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During the summer, every single store in my area has a water filled bowl outside their door. That bowl represents society’s on-going recognition that everyone, including animals, has basic physical needs.


So, recent laws prohibiting the feeding of homeless people seems a tad paradoxical.

Like many people, I feel a sense of discomfort with the homeless. Yet, I am still appalled at the Fort Lauderdale news story of police charging three men with “feeding the homeless in public”, including homeless advocate Arnold Abbott, 90, who has been feeding the homeless there for more than 20 years.

(video of arrest here).

Criminalizing those who feed the homeless reflects, to me, a mostly academic belief that homeless people are better served in facilities that also provide mental health and drug rehabilitation services. Robert Marbut, a consultant who advises cities on homelessness, suggests that “street feeding is one of the worst things you can do, because it keeps people in a homeless status”.

So, Marbut believes that being fed on the street is so pleasurable that people will remain homeless just to experience and enjoy it.


I can only surmise those who feed the homeless will still find a way. Perhaps they will open the doors of their homes. A lineup of hungry homeless in several residential areas would require the homeless to travel to receive basic nourishment. But, at least it will be in a home, not a public place. No ordinance can control how many people a citizen chooses to feed in their own home.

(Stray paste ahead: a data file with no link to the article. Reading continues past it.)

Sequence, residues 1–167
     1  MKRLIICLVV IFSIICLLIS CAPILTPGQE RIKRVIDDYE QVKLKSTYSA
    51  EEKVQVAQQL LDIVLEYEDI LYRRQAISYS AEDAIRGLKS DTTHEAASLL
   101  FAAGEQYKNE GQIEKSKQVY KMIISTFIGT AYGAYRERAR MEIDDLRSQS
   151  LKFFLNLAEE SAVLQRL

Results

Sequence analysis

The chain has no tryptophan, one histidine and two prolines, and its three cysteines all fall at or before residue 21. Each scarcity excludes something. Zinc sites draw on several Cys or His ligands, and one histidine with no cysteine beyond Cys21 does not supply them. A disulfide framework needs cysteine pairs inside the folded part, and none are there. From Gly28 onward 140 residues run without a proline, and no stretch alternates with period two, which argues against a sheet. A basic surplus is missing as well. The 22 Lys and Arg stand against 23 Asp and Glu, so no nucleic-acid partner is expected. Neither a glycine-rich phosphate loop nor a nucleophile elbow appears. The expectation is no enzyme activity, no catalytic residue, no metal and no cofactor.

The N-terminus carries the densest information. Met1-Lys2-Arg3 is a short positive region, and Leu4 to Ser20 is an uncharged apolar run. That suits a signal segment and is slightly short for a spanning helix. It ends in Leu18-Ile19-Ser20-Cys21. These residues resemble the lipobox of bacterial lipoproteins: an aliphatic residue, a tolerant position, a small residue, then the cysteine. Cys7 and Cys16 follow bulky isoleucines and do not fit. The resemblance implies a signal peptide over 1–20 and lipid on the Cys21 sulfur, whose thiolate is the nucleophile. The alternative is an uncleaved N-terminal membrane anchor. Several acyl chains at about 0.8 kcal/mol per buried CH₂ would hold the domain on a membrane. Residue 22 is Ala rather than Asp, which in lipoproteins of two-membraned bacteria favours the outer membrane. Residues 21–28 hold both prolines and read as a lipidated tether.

All urban areas struggle with what to do with those who appear to be homeless. Some are homeless due to drugs or mental illness, others, due to financial issues (hopefully temporary), and yes, others are there by choice.

But, it does not matter why a person is homeless and requires food.

How can one justify refusing to provide to humans what would be considered shameless cruelty to animals, if denied to them?



As ninety year old Abbott stated, “One of the police officers said, ‘Drop that plate right now,’ as if I were carrying a weapon”.

For their crime, Abbott and his two male helpers face up to 60 days in jail and a $500 fine.

A crime of truly heinous dimensions.

Compassionately wielding their ‘weapon’ of choice-  a plate filled with food.




Stand with Arnold Abbott